So, IS black & white photography on its way out?

Discussion in 'Large Format' started by erik_asgeirsson, Jan 15, 2001.

  1. This was recently posted on the rec.photo.darkroom newsgroup. It met with very enthusiastic response there, so with the author's permission, I would like to repost it to the forum here.

    <p>

    From what I've read here recently, it seems that a lot of photographic companies have drastically reduced their commitment to black & white products. Most photography is done in color, and black & white has survived mainly as an art medium. It looks like black & white photography as it exists right now might disappear altogether as companies decide that it is no longer cost-efficient to produce products for black & white photographers.

    <p>


    I would like to start a discussion about this topic to find out what other people's take on this issue is. Do you think that black & white photography is going to disappear? If so, why, and if not, why not? If it does disappear, what will be the alternatives for people who still want to shoot in black & white?

    <p>


    -- Scott Daniel Ullman

    <p>


    sdullman@i_hate_spam.stanford.ude

    <p>


    (Remove "i_hate_spam" and change "ude" to "edu" to send e-mail.)
     
  2. Erik: I shoot color, so I am not emotionally tied to the issue.

    <p>

    I suspect the answer depends, in large measure, on how much
    photographers are willing to pay for B&W materials. As demand
    shrinks, companies look to the bottom line. They can discontinue
    products, or raise prices.

    <p>

    I suspect Kodak will be under pressure to reduce their product line.
    They always seem willing to kill products... remember dye transfer
    materials?

    <p>

    Overall, expect less selection and higher prices for the forseeable
    future. B&W materials are easier to produce than color, so you might
    see smaller companies expanding into the niche if prices are high
    enough for them to be profitable.

    <p>

    Depending on the march of digital technology, traditional color films
    and papers may not be far behind B&W, however, I would be surprised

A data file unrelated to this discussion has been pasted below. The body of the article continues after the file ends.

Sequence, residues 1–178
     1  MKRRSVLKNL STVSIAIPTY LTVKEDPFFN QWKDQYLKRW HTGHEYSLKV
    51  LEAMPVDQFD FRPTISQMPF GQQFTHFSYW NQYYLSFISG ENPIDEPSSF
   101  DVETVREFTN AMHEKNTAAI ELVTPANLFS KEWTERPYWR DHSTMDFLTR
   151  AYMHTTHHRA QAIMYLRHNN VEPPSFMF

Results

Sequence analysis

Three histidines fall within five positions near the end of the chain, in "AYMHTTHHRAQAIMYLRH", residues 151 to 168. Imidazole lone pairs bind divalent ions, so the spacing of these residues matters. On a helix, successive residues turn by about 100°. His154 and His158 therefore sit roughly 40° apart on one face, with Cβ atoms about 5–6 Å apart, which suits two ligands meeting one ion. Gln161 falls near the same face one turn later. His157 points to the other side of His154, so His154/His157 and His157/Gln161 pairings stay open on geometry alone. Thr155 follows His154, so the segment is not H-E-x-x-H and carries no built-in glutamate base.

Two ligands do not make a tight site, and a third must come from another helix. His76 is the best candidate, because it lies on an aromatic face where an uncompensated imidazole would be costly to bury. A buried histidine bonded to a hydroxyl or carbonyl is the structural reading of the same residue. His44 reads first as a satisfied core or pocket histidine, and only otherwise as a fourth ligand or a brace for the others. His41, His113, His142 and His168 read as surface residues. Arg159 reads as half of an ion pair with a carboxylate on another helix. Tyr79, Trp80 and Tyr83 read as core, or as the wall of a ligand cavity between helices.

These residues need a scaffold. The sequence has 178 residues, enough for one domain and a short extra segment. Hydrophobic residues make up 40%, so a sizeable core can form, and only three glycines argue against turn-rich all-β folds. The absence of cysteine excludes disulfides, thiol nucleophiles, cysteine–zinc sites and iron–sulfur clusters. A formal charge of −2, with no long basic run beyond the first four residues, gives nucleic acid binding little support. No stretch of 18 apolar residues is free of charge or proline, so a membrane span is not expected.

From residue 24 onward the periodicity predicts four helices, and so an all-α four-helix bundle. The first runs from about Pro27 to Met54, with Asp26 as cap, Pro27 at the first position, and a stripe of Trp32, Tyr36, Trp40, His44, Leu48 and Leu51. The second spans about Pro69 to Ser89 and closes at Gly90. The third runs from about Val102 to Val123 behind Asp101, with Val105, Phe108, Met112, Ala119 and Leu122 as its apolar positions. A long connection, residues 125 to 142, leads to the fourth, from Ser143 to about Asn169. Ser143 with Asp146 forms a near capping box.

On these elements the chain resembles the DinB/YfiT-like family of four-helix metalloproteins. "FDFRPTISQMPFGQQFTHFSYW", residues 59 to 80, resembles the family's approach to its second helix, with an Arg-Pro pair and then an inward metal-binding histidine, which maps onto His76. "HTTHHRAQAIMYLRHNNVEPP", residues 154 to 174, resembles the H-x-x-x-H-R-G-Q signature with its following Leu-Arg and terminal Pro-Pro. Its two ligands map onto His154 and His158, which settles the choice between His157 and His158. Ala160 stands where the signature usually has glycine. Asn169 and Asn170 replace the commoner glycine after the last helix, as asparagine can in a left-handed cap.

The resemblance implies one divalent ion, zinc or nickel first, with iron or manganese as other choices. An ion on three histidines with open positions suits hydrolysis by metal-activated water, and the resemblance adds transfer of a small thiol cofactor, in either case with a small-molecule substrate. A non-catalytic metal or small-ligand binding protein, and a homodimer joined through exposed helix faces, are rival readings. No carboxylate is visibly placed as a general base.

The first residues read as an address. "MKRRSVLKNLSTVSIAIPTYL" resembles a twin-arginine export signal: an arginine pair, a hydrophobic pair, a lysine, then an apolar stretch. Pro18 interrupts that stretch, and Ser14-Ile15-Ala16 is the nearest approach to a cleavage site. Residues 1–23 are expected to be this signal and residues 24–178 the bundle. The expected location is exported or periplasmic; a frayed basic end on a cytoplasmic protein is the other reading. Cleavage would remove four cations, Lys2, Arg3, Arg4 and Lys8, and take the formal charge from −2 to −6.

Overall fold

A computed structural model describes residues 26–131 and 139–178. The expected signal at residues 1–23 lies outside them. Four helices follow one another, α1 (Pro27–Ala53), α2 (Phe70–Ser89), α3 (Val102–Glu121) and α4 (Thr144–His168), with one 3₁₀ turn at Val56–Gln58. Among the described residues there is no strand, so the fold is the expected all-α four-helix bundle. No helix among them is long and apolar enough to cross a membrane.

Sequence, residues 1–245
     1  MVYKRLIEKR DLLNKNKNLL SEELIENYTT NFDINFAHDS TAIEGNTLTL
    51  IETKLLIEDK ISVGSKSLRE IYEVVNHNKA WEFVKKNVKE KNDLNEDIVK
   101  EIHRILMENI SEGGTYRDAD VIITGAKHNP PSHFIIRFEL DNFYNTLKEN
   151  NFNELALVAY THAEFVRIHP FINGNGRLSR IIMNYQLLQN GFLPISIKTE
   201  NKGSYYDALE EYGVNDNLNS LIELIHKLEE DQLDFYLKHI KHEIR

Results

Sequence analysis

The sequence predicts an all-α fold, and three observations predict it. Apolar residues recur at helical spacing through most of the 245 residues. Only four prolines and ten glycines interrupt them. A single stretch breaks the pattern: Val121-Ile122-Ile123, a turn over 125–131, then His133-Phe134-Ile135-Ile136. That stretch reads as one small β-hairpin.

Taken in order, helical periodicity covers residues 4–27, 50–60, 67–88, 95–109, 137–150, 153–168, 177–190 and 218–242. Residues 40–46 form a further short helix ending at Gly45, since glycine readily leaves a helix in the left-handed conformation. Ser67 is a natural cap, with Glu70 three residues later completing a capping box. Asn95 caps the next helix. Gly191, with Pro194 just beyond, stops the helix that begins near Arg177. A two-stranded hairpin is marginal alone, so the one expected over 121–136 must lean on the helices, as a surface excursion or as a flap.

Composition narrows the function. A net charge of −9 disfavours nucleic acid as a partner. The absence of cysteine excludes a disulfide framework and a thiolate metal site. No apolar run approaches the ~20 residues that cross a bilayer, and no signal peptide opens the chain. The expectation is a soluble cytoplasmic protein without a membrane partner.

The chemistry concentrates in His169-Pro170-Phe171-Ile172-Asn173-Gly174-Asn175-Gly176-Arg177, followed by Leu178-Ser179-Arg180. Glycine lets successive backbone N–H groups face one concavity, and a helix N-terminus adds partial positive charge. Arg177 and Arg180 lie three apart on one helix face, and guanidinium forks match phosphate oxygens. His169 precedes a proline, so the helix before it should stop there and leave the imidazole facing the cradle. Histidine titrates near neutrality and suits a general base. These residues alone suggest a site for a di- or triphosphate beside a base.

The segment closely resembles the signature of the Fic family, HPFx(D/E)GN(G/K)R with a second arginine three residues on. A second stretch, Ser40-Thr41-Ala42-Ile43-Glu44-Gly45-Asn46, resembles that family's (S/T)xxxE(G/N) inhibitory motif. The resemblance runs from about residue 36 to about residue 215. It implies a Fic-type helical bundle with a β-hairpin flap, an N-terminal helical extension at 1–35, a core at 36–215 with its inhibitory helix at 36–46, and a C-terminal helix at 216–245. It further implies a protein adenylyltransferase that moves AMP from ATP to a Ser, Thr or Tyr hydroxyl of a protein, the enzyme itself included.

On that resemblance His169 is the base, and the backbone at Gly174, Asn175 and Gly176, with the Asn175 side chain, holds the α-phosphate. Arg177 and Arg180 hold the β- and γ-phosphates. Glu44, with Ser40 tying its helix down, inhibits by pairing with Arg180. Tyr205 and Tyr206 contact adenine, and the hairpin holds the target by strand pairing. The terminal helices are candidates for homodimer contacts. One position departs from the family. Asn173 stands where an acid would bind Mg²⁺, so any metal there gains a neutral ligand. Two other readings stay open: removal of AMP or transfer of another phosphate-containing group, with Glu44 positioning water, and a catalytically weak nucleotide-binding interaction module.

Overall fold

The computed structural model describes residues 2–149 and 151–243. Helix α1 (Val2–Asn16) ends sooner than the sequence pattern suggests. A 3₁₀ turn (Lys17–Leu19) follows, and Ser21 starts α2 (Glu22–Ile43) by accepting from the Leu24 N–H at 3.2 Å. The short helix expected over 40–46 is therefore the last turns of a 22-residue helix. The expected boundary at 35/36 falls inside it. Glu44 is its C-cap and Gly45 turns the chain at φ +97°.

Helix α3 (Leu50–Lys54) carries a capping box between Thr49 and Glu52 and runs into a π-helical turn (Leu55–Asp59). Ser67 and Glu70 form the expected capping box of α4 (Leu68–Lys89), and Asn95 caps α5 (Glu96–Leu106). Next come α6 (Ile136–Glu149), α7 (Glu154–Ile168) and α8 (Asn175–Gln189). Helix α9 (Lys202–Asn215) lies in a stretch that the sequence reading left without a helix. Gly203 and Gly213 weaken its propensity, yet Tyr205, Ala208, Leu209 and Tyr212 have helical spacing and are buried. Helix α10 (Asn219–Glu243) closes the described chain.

if there were no B&W materials available a decade from now... two
    decades is a different story.
     
  3. I thought they were already gone.
     
  4. B&W will never go away, even in its current form, ever. Even if demand drops and manufacturers cut back, or even eliminate their B&W product lines, there will always be other companies to pick up where they left off and fulfill the needs of photographers. There are many photographers who, like myself, love B&W and every step of the process from loading the film to mounting the print. There are also artists, teachers, photojournalists, etc. who would want to keep B&W alive. There ist still a very strong market for B&W products and I don't see that market changing appreciably in the forseeable future. Sure, some people will switch over to digital, but there are plenty others for whom digital isn't even an option, either due to financial reasons or, like me, would just rather work with traditional materials.
    A lot of people see digital photography as being something to replace both B&W and color film photography. Is digital going to bewhere it's at in ten years? Will the world's left over supply of film be used to pave roads and put at the bottom of gerbil cages? Not likely. The way I see it, digital isn't so much a replacement for film-based processes as it is a supplement to them. Early in the twentieth century when color processes were becoming available, people predicted that within x number of years, B&W would be dead. Who in their right minds would continue to shoot B&W when color was just as readily available? Quite a few people, as it turns out. As we know quite well by now, color wasn't a replacement for B&W, just another option. And that's exactly what I see digital as being- just another option.
    So no, B&W photography will not disappear. Certain things, like the availability of certain products, might change, but I really can't see B&W photography as a whole losing much strength for a heck of a long time. Not if I have anything to do with it, anyway. That's my $.02 for the day....
     
  5. Agree with Dave. The people that are screaming the end of B&W are the
    same bunch that were screaming the world was going to end Jan. 1,
    2000.